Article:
High-mass X-ray binaries are binary star systems consisting of a supermassive star in orbit around an evolved compact object like a black hole or neutron star. Supermassive stars exhibit strong stellar winds consisting of material from the stellar atmosphere being ejected into space. These winds are unstable with a tendency to fragment into pockets of denser and colder material, referred to as clumps, embedded in tenuous hot gas. In high mass X-ray binaries, these winds are partially focused towards the black hole. As the material falls onto the black hole, energy is released in the form of radiation that allows us to 'X-ray' the stellar wind and its structure. Understanding the wind morphology and how it is impacted by the presence of the compact object is crucial for the evolution both of isolated supermassive stars and of these binary systems. In this talk, I will focus on the black-hole binary Cygnus X-1 and how we used laboratory measurements with an electron-beam ion trap to further our understanding of the clumpy wind in this system.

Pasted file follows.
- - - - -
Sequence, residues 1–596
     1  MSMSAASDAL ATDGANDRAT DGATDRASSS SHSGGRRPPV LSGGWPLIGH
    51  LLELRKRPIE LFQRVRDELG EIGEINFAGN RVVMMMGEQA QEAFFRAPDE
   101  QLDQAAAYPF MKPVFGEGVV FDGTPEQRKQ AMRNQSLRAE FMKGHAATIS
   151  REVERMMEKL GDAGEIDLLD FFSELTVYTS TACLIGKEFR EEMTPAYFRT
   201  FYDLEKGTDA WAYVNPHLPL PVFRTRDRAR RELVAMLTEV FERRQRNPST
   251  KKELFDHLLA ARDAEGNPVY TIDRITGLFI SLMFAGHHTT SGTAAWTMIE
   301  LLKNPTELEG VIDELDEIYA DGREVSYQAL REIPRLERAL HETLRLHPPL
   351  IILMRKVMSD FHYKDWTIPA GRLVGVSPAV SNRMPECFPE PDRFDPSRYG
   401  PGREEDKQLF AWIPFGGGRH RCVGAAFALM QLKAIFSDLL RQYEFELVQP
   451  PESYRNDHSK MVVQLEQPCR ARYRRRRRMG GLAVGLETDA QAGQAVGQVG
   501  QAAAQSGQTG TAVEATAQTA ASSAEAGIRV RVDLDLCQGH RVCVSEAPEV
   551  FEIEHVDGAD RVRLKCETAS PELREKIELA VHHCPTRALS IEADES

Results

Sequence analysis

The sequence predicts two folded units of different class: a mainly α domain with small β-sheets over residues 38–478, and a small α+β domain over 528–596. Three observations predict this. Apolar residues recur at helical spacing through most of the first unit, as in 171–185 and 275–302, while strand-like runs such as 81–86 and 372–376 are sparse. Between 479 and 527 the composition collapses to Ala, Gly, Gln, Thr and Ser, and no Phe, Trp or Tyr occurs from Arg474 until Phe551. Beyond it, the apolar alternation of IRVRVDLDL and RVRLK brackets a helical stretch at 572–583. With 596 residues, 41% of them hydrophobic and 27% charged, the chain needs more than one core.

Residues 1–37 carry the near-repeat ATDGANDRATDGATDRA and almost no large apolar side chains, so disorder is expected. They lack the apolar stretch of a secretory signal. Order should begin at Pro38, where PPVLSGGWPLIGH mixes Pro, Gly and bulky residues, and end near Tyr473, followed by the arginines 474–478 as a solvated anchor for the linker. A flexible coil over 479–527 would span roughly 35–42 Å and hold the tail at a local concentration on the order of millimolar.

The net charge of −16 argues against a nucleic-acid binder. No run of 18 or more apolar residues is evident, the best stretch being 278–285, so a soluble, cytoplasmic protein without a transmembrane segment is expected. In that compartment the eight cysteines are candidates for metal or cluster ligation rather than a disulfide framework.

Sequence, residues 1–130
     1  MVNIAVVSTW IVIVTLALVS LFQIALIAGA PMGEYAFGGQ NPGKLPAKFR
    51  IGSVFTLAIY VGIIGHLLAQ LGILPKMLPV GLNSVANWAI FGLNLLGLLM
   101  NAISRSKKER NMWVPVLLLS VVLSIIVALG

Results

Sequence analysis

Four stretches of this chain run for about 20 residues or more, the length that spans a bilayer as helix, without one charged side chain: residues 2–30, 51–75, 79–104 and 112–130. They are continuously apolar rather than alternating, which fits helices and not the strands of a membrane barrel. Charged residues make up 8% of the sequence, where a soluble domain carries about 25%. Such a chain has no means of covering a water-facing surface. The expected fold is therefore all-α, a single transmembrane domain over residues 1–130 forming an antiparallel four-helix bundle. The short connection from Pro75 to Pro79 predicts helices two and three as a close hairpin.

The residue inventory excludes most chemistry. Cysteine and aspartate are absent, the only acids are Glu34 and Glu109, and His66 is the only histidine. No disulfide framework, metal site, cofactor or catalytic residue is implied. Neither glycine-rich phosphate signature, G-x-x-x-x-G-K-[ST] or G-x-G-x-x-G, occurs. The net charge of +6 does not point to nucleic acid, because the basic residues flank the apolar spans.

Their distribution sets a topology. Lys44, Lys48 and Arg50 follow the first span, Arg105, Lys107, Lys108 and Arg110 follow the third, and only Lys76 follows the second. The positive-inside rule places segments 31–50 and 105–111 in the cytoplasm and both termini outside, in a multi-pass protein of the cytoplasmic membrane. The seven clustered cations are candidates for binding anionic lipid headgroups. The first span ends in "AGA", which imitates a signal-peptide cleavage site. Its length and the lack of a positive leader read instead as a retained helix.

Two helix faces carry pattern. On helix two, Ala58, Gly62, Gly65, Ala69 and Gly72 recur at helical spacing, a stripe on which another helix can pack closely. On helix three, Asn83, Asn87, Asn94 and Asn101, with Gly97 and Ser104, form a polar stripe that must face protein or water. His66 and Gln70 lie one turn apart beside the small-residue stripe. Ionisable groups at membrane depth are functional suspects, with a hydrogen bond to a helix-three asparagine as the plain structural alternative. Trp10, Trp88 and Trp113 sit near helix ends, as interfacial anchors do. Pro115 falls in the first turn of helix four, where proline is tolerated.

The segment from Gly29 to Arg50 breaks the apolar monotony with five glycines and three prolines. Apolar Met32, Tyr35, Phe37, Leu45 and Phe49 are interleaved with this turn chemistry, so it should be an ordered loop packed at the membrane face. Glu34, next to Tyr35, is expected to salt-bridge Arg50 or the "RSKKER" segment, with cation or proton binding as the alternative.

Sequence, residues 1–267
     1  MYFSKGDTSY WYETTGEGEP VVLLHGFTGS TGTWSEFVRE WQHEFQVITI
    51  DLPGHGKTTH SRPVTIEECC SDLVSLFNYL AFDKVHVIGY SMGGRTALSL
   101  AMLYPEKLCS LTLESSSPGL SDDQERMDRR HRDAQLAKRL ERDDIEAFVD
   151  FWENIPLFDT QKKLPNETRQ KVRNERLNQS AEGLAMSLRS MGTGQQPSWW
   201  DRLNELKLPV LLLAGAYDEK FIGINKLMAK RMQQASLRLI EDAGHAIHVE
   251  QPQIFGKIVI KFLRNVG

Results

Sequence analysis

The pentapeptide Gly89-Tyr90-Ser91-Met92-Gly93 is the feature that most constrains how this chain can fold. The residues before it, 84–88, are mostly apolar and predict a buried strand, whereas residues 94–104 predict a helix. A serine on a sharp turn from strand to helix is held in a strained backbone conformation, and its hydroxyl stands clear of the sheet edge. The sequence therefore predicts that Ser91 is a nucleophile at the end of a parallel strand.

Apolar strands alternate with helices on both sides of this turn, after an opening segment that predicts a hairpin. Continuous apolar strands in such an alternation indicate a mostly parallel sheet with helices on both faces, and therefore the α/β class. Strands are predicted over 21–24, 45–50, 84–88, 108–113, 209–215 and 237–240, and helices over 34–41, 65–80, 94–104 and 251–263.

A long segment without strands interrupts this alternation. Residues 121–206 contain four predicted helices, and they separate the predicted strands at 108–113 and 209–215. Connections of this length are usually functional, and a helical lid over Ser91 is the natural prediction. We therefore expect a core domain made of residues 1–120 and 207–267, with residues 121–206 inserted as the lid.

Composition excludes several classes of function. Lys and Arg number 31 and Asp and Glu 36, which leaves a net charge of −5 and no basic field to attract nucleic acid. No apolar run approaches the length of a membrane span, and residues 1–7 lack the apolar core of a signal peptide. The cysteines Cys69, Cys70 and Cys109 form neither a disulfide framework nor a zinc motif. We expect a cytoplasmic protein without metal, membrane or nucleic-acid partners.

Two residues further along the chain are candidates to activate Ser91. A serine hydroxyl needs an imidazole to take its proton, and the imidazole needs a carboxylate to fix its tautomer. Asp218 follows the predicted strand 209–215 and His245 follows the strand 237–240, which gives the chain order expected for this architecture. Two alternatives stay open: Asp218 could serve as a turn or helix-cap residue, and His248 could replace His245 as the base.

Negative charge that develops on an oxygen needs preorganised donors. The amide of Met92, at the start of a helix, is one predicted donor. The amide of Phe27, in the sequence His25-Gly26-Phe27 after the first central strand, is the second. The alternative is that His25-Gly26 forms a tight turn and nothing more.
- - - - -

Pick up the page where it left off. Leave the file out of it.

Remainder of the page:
Speaker: Natalie Hell, Lawrence Livermore National Labs
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